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Jim Bress

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Everything posted by Jim Bress

  1. Glad you asked because I forgot to add a step, but no the plates are pre-clamped after the glue dries enough to be handled. I'll try to describe better. 1. Glue size the blocks 2. After blocks dry, put down a line of glue (hard to describe how much glue you lay down with the brush) on the gluing surface of the rib assembly (blocks/lining/ribs). 3. Apply a line of glue on the plates between the scribe line and the inner pencil line (the line you don't graduate past when hollowing the interior). 4. clamp and reactivate glue with pallet knife and boiling water as I previously described. I usually use two pallet knives with one sitting in the water getting hot while using the other. It goes pretty fast without any need to rush.
  2. A nice plate gluing method I learned from Joe Thrift is to apply glue with a small brush to the block/liner/rib gluing surface and allow to dry. Then add enough closing clamps to properly position the plate, e.g., end blocks and corners. Wet a spatula in very hot water and run the spatula between the plate and ribs for each bout section (e.g., bass upper bout or c- bout etc.) to reactivate the glue, then apply clamps. Then moving around the plate one section at a time. No mess, no stress.
  3. Ah, you caught me asking a poorly defined question. I was referring to the names that have stuck e.g., Soil, Cannone, Alard (two or three I think) etc. Aren't all ex's expensive.
  4. HI Folks, I'm curious if anyone can say how rare or common it is for Stradivari, Guarneri family, Amati family etc. instruments to be named? For example, I think there are ~600 Strad survivors. What percent are named? How about for other makers? Thanks
  5. Nice progress! I’ve made templates from a variety of materials including aluminum as you are using. Now I use 1/16” modeling plywood. So much easier to work with and you can use your good wood files on it. If you continue making (I think you will), you can be sure to make many more templates.
  6. All my violins are organic (made from carbon based compounds).
  7. Always exciting when you get to close the box. For me that’s when it first feels like a violin. Even if there’s still a ways to go. Congratulations!
  8. I've used a few excellent bows made from Osage orange. However they were all designed for shooting arrows.
  9. Unfortunately I think if the collection moved to the Smithsonian it would probably be sent into storage and rarely seen. I'd rather see the collection migrate into the population of musicians and be used to make music. Of course I have no idea what's in the collection and so may be completely wrong.
  10. Haha, actually yes, plants and all other living organisms can sense and respond to their environment especially when something causes damage to them. I think this can qualify as "pain". Sentient? Not likely. Although many tree species (e.g. oaks) can communicate warnings to their neighbors when attacked (e.g., longhorn beetles). Will the forest not be mad for killing their brethren if we use the wood wisely and make beautiful well crafted objects?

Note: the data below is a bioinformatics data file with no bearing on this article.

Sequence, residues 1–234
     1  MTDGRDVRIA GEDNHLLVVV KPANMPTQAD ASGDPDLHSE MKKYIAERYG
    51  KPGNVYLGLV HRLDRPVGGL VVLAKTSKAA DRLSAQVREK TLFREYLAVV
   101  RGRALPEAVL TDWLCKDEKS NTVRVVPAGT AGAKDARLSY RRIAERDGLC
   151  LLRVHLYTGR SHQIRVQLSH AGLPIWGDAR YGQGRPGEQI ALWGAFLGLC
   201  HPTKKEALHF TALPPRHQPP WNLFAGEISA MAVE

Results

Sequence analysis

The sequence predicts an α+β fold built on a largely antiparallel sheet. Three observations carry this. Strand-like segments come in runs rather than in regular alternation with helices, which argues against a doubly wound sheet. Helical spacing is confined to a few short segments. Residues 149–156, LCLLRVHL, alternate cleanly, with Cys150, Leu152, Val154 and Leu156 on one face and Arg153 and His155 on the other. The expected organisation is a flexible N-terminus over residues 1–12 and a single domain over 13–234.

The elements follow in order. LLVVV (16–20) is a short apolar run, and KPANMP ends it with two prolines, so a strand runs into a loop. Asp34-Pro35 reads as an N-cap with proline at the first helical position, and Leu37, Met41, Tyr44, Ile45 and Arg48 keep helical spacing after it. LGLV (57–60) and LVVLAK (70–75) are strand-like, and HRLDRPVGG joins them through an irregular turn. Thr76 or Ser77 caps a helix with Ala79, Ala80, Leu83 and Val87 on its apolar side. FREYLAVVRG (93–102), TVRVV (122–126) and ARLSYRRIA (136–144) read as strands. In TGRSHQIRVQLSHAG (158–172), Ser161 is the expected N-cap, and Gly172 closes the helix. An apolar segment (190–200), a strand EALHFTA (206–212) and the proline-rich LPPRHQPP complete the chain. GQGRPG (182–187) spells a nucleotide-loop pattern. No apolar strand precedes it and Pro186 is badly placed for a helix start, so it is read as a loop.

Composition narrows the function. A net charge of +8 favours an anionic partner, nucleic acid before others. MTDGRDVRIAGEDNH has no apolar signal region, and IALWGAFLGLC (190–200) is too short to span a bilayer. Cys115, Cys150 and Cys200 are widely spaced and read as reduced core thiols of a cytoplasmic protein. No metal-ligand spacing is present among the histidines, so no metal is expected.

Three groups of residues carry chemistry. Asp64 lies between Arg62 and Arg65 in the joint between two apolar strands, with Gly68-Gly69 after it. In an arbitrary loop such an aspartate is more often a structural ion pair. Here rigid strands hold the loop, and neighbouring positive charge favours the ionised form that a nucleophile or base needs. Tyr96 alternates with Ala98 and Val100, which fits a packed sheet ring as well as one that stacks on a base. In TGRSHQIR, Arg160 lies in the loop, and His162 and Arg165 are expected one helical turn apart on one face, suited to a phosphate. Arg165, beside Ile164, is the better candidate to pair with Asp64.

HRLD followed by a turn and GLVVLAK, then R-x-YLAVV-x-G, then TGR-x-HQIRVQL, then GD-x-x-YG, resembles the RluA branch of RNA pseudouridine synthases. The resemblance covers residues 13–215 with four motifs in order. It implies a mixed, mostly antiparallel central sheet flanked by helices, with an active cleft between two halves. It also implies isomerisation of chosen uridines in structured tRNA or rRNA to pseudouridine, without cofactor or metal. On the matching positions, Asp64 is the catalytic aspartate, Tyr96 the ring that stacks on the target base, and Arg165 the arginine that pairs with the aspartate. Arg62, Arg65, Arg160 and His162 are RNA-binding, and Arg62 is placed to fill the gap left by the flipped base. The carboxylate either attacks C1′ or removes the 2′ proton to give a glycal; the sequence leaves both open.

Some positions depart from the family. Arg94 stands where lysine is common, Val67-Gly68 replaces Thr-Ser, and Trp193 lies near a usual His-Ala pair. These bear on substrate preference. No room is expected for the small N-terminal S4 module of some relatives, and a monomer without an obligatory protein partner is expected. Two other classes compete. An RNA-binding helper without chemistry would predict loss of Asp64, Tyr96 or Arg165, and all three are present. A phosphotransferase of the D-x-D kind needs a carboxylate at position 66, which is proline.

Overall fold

11. There are occasional outliers.
  12. Is the question, could the label be original?
  13. I think the "magic" is in the setup. It's only when the setup can't take you any farther that you can really understand what is lacking and have an idea of what to do about it. I have a lot to learn about setup.
  14. Very nice Christian. Now that the thread topic has concluded, and we've seen a couple more shop pics. How about other makers show off their shops with some current pics of their workshop. I say current because there have been several "show me your workshop" threads and I'd rather see new pics than recycled pics from different threads.
  15. Merry Christmas Bill. My mom still celebrates Three Kings Day.
  16. Yeah, when I visited your shop sometime between the bottom photo and COVID it kind of reminded me of a cockpit i.e., enough room for you to get in and out, and everything within reach, but no wasted space. However, 2 years living on a buoy tender way back when has cured my of holding onto anything that I don't need. Also, my machinery will be in the garage instead of in the basement workshop.
  17. Actually Davide suggested lime white as a historically correct color back on page one. I went with a color that happened to match the yellowing pages of an old book I was reading at the time. I've renamed the color of the walls "old parchment".
  18. Please don't pick on GBS, he's very shy.
  19. Hmmm, maybe a BIG SCREEN on the ceiling with a live feed from an outside camera pointing straight up. Kind of a Hogwarts effect without the floating candles. Okay, now I want floating candles. Thanks David
  20. To conclude, the shop is finally setup and ready to start getting messy. Posters will slowly migrate to the walls and maybe a shelf or two. However, the clutter of “bits of this and that”, wood storage and other stuff will be restrained to an adjacent “storage room”. Thanks for everyone’s input! Cheers, Jim
  21. I love his conclusion on why Stradivari instruments are special and unique. It's because they make the players and audience feel special and important.
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